A ceremony to remember First World War veterans got off to a late start, Sunday in Verdun, when the site around the cenotaph was overrun by a protest against the housing crisis.
For the past 103 years, people have come out to commemorate the sacrifices of those who fought in the Battle of Ypres, in Belgium.
“We lost a lot of Canadians,” said Stan Kircoff, president of Branch 4 of the Royal Canadian Legion, in Verdun. “We’re the only branch that celebrates the Battle of Ypres in Quebec, maybe in Canada.”
The event was scheduled to begin at 2 pm, but the area was overrun with protesters who began to converge at nearby Verdun métro at 1 pm, before marching to Arthur Therrien Park.
The ceremony was delayed by about 20 minutes, and the situation created a lot of confusion.
“It was quite upsetting,” Kircoff said. “I saw people who didn’t stay for the ceremony. It messed everything up for us. … It’s important to remember the veterans.”
Marjolaine Deneault, coordinator of the Regroupement des committees logement et associations de locataires du Québec, which organized the protest, had not been aware of the Battle of Ypres commemoration.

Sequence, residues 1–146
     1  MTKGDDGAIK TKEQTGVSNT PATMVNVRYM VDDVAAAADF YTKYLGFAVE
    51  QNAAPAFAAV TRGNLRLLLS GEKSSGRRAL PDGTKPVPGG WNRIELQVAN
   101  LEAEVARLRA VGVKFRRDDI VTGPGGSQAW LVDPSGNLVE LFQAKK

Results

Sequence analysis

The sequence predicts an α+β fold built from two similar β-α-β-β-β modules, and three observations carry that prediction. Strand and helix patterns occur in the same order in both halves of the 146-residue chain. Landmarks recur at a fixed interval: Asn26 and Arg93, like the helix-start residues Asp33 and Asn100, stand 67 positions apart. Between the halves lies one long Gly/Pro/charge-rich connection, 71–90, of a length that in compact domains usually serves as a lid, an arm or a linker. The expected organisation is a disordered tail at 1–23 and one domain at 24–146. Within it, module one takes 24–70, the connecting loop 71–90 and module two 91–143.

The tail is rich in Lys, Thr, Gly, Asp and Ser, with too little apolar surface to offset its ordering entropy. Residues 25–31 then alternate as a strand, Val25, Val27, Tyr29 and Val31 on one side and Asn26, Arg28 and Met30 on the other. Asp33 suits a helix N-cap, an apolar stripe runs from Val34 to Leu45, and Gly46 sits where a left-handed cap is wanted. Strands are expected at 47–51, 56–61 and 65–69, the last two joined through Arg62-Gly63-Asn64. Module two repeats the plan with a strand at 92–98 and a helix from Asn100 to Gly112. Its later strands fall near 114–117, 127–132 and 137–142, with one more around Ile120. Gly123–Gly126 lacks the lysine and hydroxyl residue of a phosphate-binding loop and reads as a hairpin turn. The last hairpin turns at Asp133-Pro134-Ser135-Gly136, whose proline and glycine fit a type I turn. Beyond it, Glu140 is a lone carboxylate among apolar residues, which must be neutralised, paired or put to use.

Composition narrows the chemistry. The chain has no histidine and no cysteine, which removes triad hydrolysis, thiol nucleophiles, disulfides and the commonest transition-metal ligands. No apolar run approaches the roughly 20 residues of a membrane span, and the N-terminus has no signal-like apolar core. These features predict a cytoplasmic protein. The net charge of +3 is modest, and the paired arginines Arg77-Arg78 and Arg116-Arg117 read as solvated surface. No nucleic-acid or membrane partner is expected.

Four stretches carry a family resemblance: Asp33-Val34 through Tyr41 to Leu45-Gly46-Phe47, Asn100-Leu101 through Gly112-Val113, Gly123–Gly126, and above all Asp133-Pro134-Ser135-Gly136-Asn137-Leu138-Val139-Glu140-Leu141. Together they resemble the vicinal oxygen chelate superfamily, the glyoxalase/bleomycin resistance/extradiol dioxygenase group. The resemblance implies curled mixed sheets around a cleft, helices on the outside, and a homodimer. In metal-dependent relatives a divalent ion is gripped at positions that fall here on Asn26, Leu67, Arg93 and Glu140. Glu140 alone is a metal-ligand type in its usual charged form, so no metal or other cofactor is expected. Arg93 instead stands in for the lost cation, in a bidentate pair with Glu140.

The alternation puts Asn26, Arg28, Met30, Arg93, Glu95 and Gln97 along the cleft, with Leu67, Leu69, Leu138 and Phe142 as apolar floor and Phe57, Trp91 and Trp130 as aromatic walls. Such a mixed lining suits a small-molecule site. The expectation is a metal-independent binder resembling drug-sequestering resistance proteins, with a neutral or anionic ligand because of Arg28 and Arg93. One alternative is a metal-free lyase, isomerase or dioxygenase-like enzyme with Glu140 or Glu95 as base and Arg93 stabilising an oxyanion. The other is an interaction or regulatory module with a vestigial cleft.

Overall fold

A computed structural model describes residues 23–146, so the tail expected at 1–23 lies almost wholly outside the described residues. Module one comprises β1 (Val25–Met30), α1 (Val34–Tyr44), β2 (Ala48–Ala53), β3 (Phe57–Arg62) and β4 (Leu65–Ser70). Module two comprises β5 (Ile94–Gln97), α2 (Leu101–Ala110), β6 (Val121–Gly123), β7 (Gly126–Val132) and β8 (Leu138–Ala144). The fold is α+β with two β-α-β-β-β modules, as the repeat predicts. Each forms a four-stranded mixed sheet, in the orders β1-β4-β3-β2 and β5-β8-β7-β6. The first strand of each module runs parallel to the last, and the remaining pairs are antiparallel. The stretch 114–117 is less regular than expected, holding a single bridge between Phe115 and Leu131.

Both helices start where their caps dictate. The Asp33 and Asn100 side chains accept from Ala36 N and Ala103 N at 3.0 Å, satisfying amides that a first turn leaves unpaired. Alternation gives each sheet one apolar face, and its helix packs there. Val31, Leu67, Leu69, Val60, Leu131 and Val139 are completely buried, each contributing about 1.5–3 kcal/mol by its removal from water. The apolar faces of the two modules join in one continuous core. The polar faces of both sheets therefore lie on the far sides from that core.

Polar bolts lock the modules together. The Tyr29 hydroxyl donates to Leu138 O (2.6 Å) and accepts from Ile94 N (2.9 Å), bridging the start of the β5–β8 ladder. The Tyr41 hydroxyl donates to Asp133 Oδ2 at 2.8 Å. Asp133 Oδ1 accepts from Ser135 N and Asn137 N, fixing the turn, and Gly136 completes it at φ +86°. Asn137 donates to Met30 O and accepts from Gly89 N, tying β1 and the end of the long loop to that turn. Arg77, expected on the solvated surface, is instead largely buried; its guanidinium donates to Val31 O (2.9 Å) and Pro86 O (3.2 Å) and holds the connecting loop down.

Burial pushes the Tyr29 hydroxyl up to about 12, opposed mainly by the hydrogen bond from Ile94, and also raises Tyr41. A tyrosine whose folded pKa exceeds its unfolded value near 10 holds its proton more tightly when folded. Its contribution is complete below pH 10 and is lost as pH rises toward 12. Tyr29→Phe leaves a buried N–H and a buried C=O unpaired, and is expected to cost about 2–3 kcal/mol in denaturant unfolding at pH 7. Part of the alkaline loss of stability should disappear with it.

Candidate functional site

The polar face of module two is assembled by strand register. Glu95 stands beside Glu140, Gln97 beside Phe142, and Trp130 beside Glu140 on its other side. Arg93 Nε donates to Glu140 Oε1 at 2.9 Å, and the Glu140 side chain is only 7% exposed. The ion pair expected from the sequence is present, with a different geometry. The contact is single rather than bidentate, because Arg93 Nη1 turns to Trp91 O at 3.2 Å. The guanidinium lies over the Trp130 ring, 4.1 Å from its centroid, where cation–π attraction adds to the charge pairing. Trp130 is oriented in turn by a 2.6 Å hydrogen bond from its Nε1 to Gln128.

“We were there to denounce the housing crisis,” she said, “to demand rent control and a registry of rents, and to fight the rise in rents we’re seeing everywhere in Quebec.”
Close to 300 people came from all over Quebec for the march, she noted.
Sterling Downey understands both sides. The Verdun city councilor is a member of the Royal Canadian Legion and attended the ceremony. He is also sensitive to the housing crisis.
“My father and all my uncles are Second World War Veterans, and my grandfather fought in both world wars,” he said. “My grandmother worked in munitions factories.”
Downey is the third generation to live in his family home, sold to his grandfather as part of an initiative in the 1920s to allow veterans to buy housing at an affordable rate.
“I live in social housing for veterans, that today is worth $1.4 million,” Downey said. “Tenants’ rights are very important in Verdun, with the rise in gentrification.”
The convergence of the two events could have been better coordinated, according to Downey, but both are equally important. Besides from the late start, he was happy it all worked out.
“We let them do their thing, and they let us do ours,” he said. “And it was a beautiful ceremony.”